The work on asthma is also very noteworthy, not only as containing excellent clinical observations, but as giving the first account, derived from dissection, of the change in the lungs now called emphysema, which is found in one of the forms of asthma as then understood. This observation, which has been often quoted in modern text-books, was made not on the human subject, but on a broken-winded mare. Floyer clearly distinguishes spasmodic asthma (from which he himself suffered), and assigns for it the same cause as do most modern authorities, viz.: ‘contraction of the muscular fibres of the bronchia.’ His other medical writings are less important. Haller remarks that Floyer's works were less known abroad than they deserved to be, and even in this country he has hardly received full justice. He was evidently a man of miscellaneous as well as medical learning, and greatly interested himself in the study of prophecy.
He wrote: 1. ‘Φαρμακο-Bάσανος, or the Touchstone of Medicines,’ London, printed for Michael Johnson at Lichfield, vol. i. 1687, vol. ii. 1690, 8vo. 2. ‘Preternatural State of the Animal Humours, described by their Sensible Qualities,’ London, 1696, 8vo. 3. ‘An Enquiry into the Right Use of Baths,’ London, 1697, 8vo; afterwards under other titles, viz.: ‘The Ancient Psychrolusia Revived,’ London, 1702, 1706; ‘History of Hot and Cold Bathing,’ with appendix by Dr. Baynard, London, 1709, 1715, 1722; Manchester, 1844, 12mo; in German, Breslau, 1749; in Latin, Leyden, 1699, Amsterdam, 1718. 4. ‘Treatise on the Asthma,’ London, 1698; 3rd ed. 1745, 8vo; in French, Paris, 1761 (Watt, Bibl. Brit.) 5. ‘The Physician's Pulse Watch,’ vol. i. 1707, vol. ii. 1710, 8vo. 6. A letter on bathing in Dr. Joseph Browne's account of cures performed by cold baths, London, 1707. 7. ‘A Letter concerning the Rupture of the Lungs,’ London, 1710, 8vo (Watt). 8. ‘The Sibylline Oracles, translated from the Greek,’ London, 1713, 8vo. 9. ‘A Vindication of the Sibylline Oracles,’ London, 1715, 8vo. 10. ‘Two Essays, on the Creation and on the Mosaic System,’ Nottingham, 1717, sm. 8vo. 11. ‘An Exposition of the Revelations,’ London and Lichfield, 1719. 12. ‘Exposition and Vindication of Esdras’ (announced as on sale 1722; not seen). 13. ‘An Essay to restore the Dipping of Infants in their Baptism,’ London, 1722, 8vo. 14. ‘Medicina Geronocomica, or the Galenic Art of Preserving Old Men's Healths,’ London, 1724, 1725, 8vo. 15. ‘A Comment on Forty-two Histories described by Hippocrates in his “Epidemics,”’ &c., London, 1726, 8vo. 16. Two memoirs in ‘Philos. Transactions,’ vols. xxi. and xxiii., of no great importance.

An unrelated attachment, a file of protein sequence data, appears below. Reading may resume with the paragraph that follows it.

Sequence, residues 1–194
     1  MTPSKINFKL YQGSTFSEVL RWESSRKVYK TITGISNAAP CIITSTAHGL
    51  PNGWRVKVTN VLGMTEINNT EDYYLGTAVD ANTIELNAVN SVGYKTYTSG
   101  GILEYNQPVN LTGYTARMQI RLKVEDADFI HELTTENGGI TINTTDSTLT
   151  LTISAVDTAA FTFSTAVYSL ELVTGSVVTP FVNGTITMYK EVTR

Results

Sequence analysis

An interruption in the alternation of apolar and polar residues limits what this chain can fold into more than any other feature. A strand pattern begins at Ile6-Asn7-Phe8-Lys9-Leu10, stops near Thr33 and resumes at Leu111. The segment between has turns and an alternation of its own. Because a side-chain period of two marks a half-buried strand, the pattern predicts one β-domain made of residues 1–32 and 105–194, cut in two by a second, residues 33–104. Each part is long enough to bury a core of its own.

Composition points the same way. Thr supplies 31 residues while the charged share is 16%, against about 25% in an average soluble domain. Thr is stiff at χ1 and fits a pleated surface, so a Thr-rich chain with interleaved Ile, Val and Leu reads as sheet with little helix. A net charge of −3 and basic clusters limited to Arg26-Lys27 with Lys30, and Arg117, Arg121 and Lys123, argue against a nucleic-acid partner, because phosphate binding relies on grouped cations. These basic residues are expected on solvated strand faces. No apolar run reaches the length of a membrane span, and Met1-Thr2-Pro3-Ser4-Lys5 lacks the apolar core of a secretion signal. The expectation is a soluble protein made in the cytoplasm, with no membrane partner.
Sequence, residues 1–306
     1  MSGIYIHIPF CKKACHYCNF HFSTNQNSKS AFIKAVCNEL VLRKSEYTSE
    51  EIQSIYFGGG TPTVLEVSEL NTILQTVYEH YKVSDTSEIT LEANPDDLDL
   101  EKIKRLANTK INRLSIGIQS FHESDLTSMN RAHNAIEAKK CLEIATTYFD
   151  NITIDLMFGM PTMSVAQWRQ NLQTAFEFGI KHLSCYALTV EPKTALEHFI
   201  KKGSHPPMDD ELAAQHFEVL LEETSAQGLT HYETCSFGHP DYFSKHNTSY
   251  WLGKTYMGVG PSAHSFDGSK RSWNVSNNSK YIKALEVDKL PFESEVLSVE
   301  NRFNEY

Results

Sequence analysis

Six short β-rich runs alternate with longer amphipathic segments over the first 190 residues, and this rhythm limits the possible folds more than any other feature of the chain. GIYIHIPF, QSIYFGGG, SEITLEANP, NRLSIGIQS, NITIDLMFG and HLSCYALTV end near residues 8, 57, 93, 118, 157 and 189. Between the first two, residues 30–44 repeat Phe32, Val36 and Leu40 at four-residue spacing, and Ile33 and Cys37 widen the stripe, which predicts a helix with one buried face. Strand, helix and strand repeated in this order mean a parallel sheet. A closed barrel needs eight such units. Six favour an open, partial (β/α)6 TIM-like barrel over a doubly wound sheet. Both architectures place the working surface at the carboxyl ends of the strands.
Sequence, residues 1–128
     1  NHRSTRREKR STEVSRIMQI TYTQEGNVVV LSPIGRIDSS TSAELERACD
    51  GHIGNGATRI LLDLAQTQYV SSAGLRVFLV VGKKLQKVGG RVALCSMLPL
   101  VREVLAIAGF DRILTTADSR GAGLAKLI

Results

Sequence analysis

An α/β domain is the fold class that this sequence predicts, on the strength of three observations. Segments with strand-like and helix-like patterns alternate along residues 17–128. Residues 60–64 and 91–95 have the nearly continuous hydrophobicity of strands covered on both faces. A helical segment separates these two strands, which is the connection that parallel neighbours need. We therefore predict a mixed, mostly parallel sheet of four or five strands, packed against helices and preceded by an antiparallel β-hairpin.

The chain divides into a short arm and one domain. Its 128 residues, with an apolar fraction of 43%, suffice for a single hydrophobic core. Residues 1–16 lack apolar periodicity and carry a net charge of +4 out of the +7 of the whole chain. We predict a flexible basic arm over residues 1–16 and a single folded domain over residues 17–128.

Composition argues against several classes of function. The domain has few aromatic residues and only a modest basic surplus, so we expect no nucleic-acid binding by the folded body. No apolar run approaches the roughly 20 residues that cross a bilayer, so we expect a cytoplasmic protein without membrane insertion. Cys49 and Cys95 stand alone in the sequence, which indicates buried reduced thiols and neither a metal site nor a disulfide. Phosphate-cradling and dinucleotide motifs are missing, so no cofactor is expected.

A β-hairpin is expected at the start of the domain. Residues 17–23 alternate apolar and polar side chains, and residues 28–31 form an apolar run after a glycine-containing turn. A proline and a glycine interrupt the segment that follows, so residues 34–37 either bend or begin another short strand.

Floyer states that the following manuscripts were left in the library of Queen's College, Oxford, but they are not named in Coxe's Catalogue of Oxford MSS.: (1) ‘Advice to a Young Physician;’ (2) ‘Medicines distributed into Classes by their Tastes;’ (3) ‘The Third and Fourth Parts of the Pulse Watch;’ (4) ‘Essay on Air, Exercise,’ &c. Two letters of Floyer's, without importance, are among the Brit. Mus. MSS.
[Wood's Athenæ Oxon. ii. 979 (1721); Harwood's Lichfield, 1806; Haller, Bibl. Med. Pract. iv. 10; Gent. Mag. March 1734.]